Pregame, the many ESPN, Fox and NFL Network crews seemed to spend more time debating Manning's legacy than on all other subjects combined; postgame, ESPN was back talking about his legacy, while NFL Network appeared as concerned with reviewing his news conference as his on-field performance. Many football commentators, especially former NFL stars, seem obsessed with the notion that Peyton must be revered as someone of historic stature -- not just a good quarterback, but a figure whom future generations will revere. Ray Lewis pounded on this theme repeatedly, making Manning sound like the peer of Churchill or Mandela. Perhaps former NFL stars like the idea that NFL stars should be viewed not just as successful athletes -- isn't that enough? -- but as great men astride the landscape of history. Peyton himself was the only one who seemed to have this in perspective, saying during the week, "I'd have to be, like, 70 to have a legacy."
I couldn't help thinking if Manning didn't grant so many interviews and make so many commercials, there would not be a debate about his legacy, since he would not have flamed out so often in big games. His fellow Broncos must be pleased to have made the Super Bowl, whatever the result. One can't help but wonder how they feel about being extras in the endless video clip that is Manning's life.
Kutztown to Canton: As a loyal son of Buffalo, N.Y., your columnist has been stumping for years for the notion that Andre Reed belongs in the Hall of Fame: "He came from a small-college program, Kutztown University, and when he retired he had the third-most receptions, trailing only Jerry Rice and Cris Carter. Reed's accomplishments were compiled despite playing for a cold-weather, rush-oriented team while Rice played for a warm-weather passing team and Carter played most of his career indoors." But Reed also threw his helmet in the Super Bowl, and it doesn't matter that defensive pass interference should have been called on the play. That knuckle-headed moment cost him eight years of nail-biting waiting as a passed-over finalist -- sort of Canton purgatory.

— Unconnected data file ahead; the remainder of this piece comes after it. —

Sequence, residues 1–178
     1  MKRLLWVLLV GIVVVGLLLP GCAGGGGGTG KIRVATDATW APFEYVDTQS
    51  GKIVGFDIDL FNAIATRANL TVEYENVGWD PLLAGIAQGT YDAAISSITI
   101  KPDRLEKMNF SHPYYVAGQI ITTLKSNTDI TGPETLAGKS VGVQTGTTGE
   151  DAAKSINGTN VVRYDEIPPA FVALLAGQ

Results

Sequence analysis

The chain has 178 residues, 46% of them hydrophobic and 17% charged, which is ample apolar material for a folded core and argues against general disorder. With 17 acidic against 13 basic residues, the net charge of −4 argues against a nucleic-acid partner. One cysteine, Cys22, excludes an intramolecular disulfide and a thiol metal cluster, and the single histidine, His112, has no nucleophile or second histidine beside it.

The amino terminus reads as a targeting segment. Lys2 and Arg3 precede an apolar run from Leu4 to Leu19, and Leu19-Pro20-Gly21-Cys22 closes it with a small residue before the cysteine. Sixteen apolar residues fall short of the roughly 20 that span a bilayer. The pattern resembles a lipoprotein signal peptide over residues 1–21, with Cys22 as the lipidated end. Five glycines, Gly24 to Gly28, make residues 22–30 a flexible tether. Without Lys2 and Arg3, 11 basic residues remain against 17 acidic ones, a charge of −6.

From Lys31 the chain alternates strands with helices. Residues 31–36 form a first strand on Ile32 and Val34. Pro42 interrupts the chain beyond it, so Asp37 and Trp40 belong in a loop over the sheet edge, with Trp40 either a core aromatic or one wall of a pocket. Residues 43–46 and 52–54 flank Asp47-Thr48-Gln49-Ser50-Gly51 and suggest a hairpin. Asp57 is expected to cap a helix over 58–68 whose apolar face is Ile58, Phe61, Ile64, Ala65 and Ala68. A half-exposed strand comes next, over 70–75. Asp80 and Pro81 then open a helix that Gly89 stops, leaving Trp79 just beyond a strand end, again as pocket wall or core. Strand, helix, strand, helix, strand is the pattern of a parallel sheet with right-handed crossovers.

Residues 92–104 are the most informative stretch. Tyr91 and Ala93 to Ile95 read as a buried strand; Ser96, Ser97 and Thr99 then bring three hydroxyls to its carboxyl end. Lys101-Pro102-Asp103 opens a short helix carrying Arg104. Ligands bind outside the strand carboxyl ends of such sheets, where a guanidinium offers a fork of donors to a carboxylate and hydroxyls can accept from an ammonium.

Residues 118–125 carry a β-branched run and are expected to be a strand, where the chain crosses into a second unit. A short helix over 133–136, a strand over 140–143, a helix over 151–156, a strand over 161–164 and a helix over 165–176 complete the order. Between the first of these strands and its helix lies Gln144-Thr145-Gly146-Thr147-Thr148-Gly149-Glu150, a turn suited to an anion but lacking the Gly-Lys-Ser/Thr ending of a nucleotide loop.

Now his wait is over, and the Bills' woe-for-four Super Bowl team has five players in the Hall of Fame: Jim Kelly, Bruce Smith, Thurman Thomas, Marv Levy and Reed. Since the first four were shoe-ins, Reed was the one true sons of Buffalo worried about. Had that team ever won a Super Bowl, Buffalo's civic fortunes would have enjoyed a renaissance: I am not just saying that, I actually believe it. If the current Bills were to win a Super Bowl, the Buffalo renaissance still would come -- though there seems no threat the current Bills will create a chance to see if that belief is true.